The latest survey from Essentium, Inc., a manufacturer of 3D printers and materials for industrial additive manufacturing (AM), demonstrates, among other things, that investments in industrial-scale 3D printing are now paying off.
The past year was a year in which additive manufacturing showed its worth, proving it could step in to make quantities of supplies at scale to keep assembly lines moving and the coming year will continue that development, according to this survey.
Companies reported wide-ranging benefits, including high part performance and cost reduction, each of which was cited by 46%, and speed-to-part, which was mentioned by 45% percent of the respondents.
Obstacles to AM adoption, however, remain. Specifically, 98% of manufacturing executives see value in improved materials, 37% said they are held back by the high cost of 3D printing materials, and 24% said 3D printing materials are unreliable. This implies that innovation continues to be essential in this area.
Some 20% of executives report that industrial-scale 3D printing hardware is too expensive, making it difficult to gain approval for capital investments; while 185 indicate they have too much investment in other manufacturing technology.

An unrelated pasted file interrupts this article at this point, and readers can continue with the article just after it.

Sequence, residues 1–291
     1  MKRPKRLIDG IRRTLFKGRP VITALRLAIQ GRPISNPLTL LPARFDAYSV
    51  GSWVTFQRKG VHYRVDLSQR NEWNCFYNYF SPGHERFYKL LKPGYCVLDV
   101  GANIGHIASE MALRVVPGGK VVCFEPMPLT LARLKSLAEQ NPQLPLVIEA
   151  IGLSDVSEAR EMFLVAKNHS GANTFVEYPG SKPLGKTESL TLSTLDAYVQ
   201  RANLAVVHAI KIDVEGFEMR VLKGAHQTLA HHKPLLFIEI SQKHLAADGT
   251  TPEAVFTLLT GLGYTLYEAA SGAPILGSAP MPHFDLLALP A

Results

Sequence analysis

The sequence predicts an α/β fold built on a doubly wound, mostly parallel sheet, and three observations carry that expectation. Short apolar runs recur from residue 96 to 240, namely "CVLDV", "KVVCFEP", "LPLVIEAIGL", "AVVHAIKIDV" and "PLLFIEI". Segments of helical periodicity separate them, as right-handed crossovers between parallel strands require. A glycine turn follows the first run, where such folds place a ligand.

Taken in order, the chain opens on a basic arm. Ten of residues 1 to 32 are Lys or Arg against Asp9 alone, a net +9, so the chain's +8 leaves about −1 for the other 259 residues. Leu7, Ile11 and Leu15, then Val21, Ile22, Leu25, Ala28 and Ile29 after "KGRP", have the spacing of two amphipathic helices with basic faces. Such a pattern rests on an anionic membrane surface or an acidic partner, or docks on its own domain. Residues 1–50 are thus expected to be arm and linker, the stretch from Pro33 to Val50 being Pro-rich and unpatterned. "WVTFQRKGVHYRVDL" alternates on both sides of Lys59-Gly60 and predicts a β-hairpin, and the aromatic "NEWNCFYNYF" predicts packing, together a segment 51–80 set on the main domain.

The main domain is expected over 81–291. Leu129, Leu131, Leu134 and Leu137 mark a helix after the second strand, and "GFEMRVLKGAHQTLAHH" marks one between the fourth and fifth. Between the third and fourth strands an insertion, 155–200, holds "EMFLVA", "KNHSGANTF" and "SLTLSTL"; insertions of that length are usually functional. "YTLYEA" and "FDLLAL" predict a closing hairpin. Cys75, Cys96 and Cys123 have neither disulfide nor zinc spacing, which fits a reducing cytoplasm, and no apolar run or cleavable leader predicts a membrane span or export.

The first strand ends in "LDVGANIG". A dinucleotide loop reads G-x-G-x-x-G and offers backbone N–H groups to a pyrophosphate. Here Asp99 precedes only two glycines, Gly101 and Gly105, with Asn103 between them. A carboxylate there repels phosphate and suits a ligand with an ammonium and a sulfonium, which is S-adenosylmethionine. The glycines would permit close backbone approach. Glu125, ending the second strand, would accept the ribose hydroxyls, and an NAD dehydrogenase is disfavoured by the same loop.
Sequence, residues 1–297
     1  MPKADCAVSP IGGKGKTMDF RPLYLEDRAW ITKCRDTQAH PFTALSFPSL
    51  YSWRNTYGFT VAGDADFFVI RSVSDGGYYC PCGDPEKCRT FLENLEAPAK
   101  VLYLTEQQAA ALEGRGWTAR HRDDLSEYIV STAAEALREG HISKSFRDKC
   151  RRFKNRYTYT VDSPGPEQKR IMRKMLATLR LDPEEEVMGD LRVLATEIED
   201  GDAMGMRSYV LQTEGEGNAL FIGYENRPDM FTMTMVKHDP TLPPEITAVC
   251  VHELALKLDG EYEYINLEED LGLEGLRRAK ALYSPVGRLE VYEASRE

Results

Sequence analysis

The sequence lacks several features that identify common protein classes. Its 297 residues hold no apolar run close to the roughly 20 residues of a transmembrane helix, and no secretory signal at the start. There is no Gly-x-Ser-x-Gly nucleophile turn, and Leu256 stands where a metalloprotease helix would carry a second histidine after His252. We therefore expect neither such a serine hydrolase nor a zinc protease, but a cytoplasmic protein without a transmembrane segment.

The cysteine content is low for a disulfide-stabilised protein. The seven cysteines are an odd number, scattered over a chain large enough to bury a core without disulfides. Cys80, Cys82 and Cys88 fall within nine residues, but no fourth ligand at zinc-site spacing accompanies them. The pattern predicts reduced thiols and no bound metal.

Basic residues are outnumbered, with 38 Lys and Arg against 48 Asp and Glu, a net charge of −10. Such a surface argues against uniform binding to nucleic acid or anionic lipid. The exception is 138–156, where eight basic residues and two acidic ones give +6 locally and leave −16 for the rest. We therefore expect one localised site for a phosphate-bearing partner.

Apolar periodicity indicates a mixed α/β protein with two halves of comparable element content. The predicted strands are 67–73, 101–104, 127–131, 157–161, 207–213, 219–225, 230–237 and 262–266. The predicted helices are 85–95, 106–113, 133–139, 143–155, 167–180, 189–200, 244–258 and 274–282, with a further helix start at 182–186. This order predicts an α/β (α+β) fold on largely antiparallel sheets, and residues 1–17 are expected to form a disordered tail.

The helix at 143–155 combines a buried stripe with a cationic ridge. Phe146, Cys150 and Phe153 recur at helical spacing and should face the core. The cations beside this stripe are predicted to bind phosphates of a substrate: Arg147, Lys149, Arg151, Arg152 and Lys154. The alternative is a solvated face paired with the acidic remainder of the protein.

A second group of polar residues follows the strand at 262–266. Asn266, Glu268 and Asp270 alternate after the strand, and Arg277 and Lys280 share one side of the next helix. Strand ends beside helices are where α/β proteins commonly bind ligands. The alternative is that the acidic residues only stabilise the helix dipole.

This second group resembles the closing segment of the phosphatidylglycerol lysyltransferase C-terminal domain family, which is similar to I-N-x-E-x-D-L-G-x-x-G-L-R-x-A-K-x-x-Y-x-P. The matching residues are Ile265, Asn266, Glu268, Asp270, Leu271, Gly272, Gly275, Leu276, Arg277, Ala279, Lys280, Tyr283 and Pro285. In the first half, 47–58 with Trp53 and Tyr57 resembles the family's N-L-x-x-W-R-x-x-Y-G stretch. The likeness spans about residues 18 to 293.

Essentium said it remains committed to working in an open ecosystem with its customers to address these challenges, ensuring the right economics for industrial-scale 3D printing and integration with existing machinery and work practices on the factory floor.
“Manufacturing companies have finally cracked the code of AM for full-scale production runs of hundreds of thousands of parts, and there will be no turning back,” said Blake Teipel, CEO and Co-founder, Essentium. "There is no longer any doubt whether AM investments deserve a central feature in the execution strategies of companies endeavouring to out-perform their peers.”
This was Essentium’s third such study, conducted by an independent research firm, Dimensional Research. The company also commissioned similar studies in 2018 and 2019 and certain questions were repeated from those studies to enable trend analysis. The responses to this survey were captured between 20 October and 2 November 2020.
The survey produced several categories of findings, which are being released at three different moments in time. The first findings were issued in November 2020. This second batch of findings was released on 2 February.